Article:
In the Andean tradition, layers may be created on purpose as parts of a single cloth as well. Although flatness is usually a prime quality of the medium of textiles, Andean weavers at various times defied this limitation. For instance, technically rather astonishing three-dimensional embroidery was invented and created for a few centuries by the south coastal Nasca ca. 200 CE (figs. 21a,b). The massing of thread over a thicker core thread allowed these hummingbirds to be projected into space beyond the boundaries of a mantle. The hidden core makes the visible figures possible, another instance of ukhu. This so-called “cross-knit looping” (a misleading term because there is no knitting involved) illustrates the total lack of technical determinism – being forced into only certain solutions by the parameters of a given material and/or technique – in the Andean textile record. In an example from a thousand or so years later, only the loss of some of the tassels from the shirt in figure 16 make it possible to see any of the spiral-woven roundels and the openwork with colorful tapestry segments hidden below them. These are but a few examples of innovative, multi-layer compositions in which parts of the same textile cover other ones.
All these extraordinary techniques demonstrate that the inner world, herethe inner textile, is a creative space, just as the hidden visionary one is transformational. In visionary space the shaman may feel herself become a jaguar, speak with the Milky Way, give birth to herself (Stone 2014, 39-48). This animal self that comes out from within the shaman during trance is perhaps the ultimate ukhu, the hidden and different self that manifests to give the powerful animal perspective on a problem and then withdraws inside again. Consciousness of the inner world, a place of omniscience and Otherness, is the basis of shamanism and so informs Andean and other indigenous Americans’ worldviews. Visionary experience informs their consideration that the material world is a subset of the other cosmic realms, like the layers of clothing over the body, like “the long dress that drags on the ground.”
Another textile mode that involves moments of hiddenness and others of revelation is tie-dye, discussed above (fig. 17). A key part of the process is, as the name implies, tying off portions of cloth so as to resist the penetration of dyes. The bits of cloth hidden under the ties are protected from later coloration, thus being hidden actually creates the color contrast and patterning for that the final product. Untying, which reveals the hidden portions and shows artistic success or failure (improperly or irregularly tying creates an inferior product, though tie-dye is rarely as accurate as woven techniques). The characteristic resulting circular and diamond-shaped patterning is easily recognizable as tie-dye. Ukhu is a vitally necessary stage in the creative process in this case.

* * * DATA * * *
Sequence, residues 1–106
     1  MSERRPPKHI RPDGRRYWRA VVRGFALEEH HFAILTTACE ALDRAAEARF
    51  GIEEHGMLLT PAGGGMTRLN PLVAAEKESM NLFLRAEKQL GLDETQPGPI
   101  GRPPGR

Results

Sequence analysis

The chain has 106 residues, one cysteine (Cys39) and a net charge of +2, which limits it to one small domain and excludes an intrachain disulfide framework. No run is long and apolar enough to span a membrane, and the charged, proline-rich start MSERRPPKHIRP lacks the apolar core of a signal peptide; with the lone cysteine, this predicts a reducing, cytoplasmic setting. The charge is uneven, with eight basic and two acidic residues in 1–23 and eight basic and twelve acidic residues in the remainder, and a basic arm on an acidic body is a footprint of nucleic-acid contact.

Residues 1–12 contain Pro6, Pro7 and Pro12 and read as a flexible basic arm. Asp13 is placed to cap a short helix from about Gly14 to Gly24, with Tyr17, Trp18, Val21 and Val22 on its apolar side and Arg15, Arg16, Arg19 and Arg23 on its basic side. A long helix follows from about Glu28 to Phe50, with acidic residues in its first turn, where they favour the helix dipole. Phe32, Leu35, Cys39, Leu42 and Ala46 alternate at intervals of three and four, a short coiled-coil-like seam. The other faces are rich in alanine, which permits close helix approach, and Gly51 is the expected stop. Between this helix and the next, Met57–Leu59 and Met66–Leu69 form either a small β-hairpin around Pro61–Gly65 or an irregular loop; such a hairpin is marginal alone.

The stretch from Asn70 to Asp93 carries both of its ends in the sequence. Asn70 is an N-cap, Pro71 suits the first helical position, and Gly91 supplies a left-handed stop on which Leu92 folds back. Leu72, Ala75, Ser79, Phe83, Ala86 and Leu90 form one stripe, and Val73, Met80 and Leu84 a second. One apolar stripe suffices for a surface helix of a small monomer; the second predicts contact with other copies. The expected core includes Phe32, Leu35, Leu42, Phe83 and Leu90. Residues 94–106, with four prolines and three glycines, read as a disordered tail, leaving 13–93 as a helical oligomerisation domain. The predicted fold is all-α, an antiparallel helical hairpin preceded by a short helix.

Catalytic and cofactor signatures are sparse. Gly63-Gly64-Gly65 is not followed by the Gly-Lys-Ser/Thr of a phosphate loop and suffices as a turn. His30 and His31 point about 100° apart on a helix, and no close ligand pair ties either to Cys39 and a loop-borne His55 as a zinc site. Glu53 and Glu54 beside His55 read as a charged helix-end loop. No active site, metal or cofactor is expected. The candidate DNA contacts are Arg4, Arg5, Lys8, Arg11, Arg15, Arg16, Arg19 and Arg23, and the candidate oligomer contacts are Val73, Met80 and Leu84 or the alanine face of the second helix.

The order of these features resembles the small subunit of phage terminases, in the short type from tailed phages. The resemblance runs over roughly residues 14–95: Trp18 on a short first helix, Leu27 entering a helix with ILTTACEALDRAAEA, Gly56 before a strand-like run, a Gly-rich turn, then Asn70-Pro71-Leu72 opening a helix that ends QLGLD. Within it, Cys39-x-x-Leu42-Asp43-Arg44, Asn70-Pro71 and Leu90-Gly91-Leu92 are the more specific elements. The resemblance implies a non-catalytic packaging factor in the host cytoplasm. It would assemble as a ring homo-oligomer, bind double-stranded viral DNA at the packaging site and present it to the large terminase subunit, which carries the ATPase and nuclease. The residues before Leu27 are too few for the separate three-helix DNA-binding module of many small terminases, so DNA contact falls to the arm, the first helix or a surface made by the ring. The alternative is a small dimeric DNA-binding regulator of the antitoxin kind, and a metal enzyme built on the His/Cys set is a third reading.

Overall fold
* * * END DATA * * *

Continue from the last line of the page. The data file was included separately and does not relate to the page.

Finally, the significant and long-term Andean practice of layering of other objects in cloth comes to the fore in the “pseudomorphs” found on precious metal earspools and ceremonial knives and earspools (figs. 23-25). These pseudomorphs or “partial/new parts” are the result of the corrosion over time of the textiles that once enclosed the metalwork (see technical notes for the earspools, and Sicán and llama tumis). Converted into permanent elements thereof, pseudomorphs fortuitously record in perpetuity the actions of wrapping. Showing that such wrapping ceremonial objects was a widespread ritual act, these three examples include the Moche (figs. 23a, b, ca. 300 AD), the farther north Sicán (figs. 24a, b, ca. 800 AD), and the later Inka (fig. 25, ca. 1500 AD). In fact, one of the earliest archaeological configurations from the Andes is a stone scraper tool covered by a deer skin and tied with a plant fiber rope, dated to 4000 BC, from Guitarrero Cave (Lynch 1980, 239-241). Thus, taking a precious object and protecting it with an expanse of hide (the early version of cloth), and soon after cloth itself, is a very ancient practice in this part of the world. It functionally hides the other item from view and from harm, thus both protecting and valorizing it, making it special and important. By wrapping, cloth interacted with other significant media, according to the principle of ukhu. The act of unwrapping a special metal object would have been a dramatic revelation of that which was important enough to remain hidden often.
Something slightly more unique that was and is of value to Andeans is the concept of necessary irregularity in life and in art, or q’iwa. In acknowledgement of the unpredictability of El Niño/La Niña events, earthquakes, droughts, floods, and frosts, Andeans are conditioned to accept surprise in their environment.
Things that enliven by differing from the rest may be any of very diverse phenomena. They include the lifting protrusions left by the Inka on their fine polygonal stonework, casting beautifully irregular shadows (Hemming 2004); the odd weeping sound a llama makes when unevenly loaded; and things that are separated from their pairs, including the recently dead. The dead are seen as q’iwa because everyone dies alone and must traverse Ukhu Pacha before being properly reunited with their family (Stobart 1996, 68, 72). However, the dead are only alone for a brief time before becoming complete once more as a family or pair on the Other Side. Once again, this idea underscores the central role of duality in Quechua thought.